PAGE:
In the past week, momentum has been building in Annapolis to raise the gasoline tax. It is now the most-favored tax of state legislators as they try to cope with a $1.5 billion deficit over the next 17 months. But politicians ought to resist their initial temptation to siphon off this new revenue source for budget-balancing purposes. Gas-tax money is supposed to be used for transportation programs, and that's where the money should remain.
Two plans are now afloat. One, sponsored by Gov. William Donald Schaefer, would raise the gas tax by a nickel, to 23.5 cents a gallon. All the proceeds -- $625 million over five years -- would be spent on road, bridge and transit programs that would put 3,850 construction workers back on the job, spur the hiring of another 4,100 other workers and give Maryland's sagging economy a much-needed boost. The gas tax would do nothing to reduce a projected $1.2 billion state deficit.
A second plan, pushed by legislative leaders, calls for rapid passage of a bill extending the 5 percent sales tax to gasoline, which equates to a 6-cent-a-gallon increase. But legislators want to use this tax money initially to help balance the current year's budget. House Speaker R. Clayton Mitchell also wants to raid the transportation trust fund of another $80 million to further close the $275 million gap in this year's budget.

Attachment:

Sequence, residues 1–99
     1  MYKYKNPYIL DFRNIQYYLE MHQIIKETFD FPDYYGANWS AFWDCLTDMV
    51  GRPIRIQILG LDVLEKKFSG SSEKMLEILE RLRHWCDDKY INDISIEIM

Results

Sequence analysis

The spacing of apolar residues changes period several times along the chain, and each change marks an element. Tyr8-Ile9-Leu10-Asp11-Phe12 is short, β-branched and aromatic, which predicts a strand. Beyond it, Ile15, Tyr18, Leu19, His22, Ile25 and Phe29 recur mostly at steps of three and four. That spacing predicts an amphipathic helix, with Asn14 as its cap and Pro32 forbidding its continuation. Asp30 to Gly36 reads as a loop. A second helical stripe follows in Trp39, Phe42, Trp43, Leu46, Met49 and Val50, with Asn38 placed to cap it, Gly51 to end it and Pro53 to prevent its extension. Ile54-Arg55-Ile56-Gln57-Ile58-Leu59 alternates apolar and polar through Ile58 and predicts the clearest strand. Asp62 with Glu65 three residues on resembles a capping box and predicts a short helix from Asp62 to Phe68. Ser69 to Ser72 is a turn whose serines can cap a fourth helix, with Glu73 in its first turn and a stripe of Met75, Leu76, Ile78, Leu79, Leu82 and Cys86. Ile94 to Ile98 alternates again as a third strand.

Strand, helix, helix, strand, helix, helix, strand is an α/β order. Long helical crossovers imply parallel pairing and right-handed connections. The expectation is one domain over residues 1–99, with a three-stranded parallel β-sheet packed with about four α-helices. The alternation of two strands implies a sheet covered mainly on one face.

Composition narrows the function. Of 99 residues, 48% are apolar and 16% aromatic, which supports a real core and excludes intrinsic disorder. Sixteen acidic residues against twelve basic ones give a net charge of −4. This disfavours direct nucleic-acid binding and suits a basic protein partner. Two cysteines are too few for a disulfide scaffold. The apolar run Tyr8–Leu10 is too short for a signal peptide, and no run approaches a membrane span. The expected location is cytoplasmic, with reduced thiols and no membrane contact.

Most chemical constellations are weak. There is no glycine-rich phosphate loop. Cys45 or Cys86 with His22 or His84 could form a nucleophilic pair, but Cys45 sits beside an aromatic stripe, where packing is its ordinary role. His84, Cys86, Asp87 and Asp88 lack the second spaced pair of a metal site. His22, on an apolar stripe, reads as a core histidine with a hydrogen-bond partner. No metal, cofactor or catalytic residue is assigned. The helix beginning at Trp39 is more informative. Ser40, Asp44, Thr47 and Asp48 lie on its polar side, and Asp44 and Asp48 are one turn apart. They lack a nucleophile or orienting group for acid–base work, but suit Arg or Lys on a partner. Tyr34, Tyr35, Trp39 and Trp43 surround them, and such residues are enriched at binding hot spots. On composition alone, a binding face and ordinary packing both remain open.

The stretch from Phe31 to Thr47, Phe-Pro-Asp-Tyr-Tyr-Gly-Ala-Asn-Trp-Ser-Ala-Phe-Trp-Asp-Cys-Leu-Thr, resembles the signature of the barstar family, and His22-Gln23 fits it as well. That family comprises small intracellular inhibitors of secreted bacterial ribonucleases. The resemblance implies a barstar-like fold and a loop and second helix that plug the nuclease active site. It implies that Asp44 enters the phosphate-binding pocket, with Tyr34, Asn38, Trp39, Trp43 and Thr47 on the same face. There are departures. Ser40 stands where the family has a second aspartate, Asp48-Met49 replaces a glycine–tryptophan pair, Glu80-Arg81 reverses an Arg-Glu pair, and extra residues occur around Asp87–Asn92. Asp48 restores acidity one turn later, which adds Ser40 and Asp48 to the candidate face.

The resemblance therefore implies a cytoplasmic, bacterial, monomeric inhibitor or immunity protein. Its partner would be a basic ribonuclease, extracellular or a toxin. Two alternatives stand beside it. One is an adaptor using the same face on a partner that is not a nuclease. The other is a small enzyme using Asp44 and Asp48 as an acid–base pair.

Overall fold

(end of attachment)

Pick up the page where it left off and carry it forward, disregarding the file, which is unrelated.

There are major flaws in these legislative plans. Mr. Mitchell's proposal is unworkable because the $80 million he wants to divert doesn't exist: the transportation trust fund already is broke and currently has a cash deficit. As for the sales-tax plan, it could actually make matters worse if gas prices were to fall because it would mean less not more money for road-building projects.
Yet new gas-tax money is essential. Without added transportation revenue, the state cannot come up with the matching funds needed to qualify for $1.2 billion in federal road and transit allocations approved by Congress last year. The added cash would go toward job-creating projects to fix and enlarge deteriorating roadways and bridges; alleviate gridlock in crowded Montgomery County and other fast-growing suburbs; expand commuter-rail service, and encourage other mass-transit alternatives. These projects are key economic-development components for Maryland's future.
An unusually broad cross-section of interest groups testified in Annapolis last week in favor of a 5-cent rise in the gasoline tax. Most of them weren't happy about the prospects of higher fuel taxes, but they recognize this is the price that must be paid if Maryland is to continue to maintain and upgrade a transportation network that is the envy of most other states.
Can a Marylander who drives his or her car 12,000 miles a year, afford the extra $30 or so in higher gas taxes? We think so. Especially if drivers know this money is being used wisely, to ease traffic congestion, to promote mass transit and to put thousands of Marylanders back to work.